To Be Heard

Pastor Larry reminded us today that despite all of the turmoil of the world, the Lord is not only with us, but hears our calls and petitions. Larry cited the 40th Psalm in his introduction: “I waited patiently for the Lord; he turned to me and heard my cry. He lifted me out of the slimy pit, out of the mud and mire;
he set my feet on a rock and gave me a firm place to stand.”

What firmer place to stand than with the One who created dry land, and who calmed chaotic seas (Genesis 1)? Jesus told us that it is the epitome of wisdom to build upon the firm foundation of God (Matthew 7). That wisdom we can see manifested in our Psalm: “He turned to me and heard my cry.”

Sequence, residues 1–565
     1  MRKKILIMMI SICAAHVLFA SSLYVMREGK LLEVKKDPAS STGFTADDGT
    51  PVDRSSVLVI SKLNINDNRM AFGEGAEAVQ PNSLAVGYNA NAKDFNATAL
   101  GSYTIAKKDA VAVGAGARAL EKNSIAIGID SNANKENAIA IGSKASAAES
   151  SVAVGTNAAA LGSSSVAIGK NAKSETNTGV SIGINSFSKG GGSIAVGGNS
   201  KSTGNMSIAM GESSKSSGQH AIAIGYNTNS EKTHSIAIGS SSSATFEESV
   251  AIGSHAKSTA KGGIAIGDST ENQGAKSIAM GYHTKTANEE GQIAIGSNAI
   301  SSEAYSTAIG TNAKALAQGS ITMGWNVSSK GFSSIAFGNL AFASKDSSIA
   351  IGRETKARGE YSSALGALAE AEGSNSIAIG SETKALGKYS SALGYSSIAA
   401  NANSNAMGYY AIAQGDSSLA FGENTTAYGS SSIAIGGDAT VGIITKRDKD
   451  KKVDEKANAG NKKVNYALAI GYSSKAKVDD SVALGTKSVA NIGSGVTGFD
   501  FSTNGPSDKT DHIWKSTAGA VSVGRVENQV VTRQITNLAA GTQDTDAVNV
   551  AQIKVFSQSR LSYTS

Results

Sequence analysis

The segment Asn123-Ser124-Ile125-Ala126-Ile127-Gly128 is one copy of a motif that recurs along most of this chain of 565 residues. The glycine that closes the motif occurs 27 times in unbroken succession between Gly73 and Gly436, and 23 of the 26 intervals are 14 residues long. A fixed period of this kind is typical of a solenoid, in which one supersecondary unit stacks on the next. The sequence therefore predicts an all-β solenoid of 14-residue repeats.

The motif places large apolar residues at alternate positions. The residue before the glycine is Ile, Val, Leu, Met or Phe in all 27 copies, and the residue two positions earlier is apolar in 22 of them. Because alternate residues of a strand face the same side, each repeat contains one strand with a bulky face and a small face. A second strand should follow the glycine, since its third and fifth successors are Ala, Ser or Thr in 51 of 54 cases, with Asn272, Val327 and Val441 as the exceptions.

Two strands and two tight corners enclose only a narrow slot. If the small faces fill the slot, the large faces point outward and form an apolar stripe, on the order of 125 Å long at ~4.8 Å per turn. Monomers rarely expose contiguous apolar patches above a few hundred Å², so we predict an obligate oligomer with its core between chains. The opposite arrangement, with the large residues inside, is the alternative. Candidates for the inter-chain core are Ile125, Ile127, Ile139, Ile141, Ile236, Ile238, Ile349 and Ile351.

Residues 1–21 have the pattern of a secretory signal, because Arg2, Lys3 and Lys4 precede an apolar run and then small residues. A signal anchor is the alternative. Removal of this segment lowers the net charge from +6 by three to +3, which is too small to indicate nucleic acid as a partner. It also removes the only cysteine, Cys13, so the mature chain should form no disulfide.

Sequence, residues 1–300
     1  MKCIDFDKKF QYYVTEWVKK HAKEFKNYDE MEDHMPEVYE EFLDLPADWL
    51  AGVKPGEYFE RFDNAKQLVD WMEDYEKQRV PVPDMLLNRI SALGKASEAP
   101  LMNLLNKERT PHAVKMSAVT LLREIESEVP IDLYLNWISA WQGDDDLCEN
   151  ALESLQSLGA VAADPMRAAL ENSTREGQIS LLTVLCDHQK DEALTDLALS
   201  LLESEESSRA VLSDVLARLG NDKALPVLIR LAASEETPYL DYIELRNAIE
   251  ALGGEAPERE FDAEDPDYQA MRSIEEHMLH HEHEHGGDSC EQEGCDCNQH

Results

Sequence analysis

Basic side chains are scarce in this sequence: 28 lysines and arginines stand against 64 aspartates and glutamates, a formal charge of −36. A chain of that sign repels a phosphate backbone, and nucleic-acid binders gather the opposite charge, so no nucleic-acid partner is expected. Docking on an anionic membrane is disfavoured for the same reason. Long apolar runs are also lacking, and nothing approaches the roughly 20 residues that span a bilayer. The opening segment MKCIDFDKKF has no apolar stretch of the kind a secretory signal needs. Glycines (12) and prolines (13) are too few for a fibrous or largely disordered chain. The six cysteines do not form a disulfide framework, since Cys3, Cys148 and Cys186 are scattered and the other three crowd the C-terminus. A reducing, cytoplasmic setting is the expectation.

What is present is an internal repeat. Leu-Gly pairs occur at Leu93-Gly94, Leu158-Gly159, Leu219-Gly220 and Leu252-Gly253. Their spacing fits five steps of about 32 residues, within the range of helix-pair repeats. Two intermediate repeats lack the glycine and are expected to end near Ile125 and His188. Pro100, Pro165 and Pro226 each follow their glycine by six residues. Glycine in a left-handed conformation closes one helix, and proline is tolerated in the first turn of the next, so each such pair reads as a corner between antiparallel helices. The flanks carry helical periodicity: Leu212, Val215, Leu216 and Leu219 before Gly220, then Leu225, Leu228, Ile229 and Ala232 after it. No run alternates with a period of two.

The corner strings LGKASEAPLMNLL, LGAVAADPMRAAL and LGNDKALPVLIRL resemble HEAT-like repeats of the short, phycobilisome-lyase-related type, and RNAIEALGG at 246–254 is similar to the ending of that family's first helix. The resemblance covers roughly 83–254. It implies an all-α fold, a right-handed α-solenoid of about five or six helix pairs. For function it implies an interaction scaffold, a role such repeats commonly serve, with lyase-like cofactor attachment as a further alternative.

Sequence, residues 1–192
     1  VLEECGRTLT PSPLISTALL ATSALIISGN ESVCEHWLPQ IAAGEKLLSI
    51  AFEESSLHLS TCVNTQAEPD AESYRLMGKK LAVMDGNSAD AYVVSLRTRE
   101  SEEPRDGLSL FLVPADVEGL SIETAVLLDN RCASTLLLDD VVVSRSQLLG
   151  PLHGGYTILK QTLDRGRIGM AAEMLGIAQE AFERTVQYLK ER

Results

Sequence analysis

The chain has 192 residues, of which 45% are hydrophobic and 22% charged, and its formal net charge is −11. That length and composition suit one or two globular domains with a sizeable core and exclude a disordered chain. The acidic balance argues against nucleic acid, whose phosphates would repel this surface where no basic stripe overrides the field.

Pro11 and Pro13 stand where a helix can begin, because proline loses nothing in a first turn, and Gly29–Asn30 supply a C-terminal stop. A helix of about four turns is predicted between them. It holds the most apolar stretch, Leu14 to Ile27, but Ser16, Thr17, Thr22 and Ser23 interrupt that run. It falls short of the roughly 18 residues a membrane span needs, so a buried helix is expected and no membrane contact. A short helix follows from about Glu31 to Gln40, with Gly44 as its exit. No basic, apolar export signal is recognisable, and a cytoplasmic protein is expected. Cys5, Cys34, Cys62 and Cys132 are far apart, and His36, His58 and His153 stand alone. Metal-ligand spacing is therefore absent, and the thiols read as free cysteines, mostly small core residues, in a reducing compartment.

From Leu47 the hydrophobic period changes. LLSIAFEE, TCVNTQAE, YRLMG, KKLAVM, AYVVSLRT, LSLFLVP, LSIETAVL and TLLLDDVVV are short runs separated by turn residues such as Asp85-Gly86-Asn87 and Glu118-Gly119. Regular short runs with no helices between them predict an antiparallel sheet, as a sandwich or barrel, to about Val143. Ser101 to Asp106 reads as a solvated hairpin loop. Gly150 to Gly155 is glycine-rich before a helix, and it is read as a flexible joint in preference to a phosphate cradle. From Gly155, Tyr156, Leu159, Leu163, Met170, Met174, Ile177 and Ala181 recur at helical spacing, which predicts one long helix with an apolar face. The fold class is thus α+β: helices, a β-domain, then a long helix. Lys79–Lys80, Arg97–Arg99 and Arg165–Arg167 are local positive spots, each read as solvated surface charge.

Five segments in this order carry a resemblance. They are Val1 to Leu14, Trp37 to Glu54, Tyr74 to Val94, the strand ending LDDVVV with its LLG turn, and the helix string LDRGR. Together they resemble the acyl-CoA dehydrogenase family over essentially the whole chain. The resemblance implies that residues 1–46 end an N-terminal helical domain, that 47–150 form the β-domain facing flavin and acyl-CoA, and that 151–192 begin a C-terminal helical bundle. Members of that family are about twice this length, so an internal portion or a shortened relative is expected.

So why are so many of us silent? When we hear of pandemics, we scramble to buy toilet paper rather than appeal to the Great Healer Himself to aid us. When some see injustice in the world, they scribble placards and take to the streets, rather than asking for the assistance of the Judge of the World.

There is at present not only the rumours of wars, but actual fighting in the streets. Yes, we should be like the early church of Acts (chapter 2) and send aid, but how much more should we send our prayers! Look at Acts 6. The needs were there, and the Apostles had priorities! They appointed the seven so that they could dedicate themselves to “to prayer and the ministry of the word.”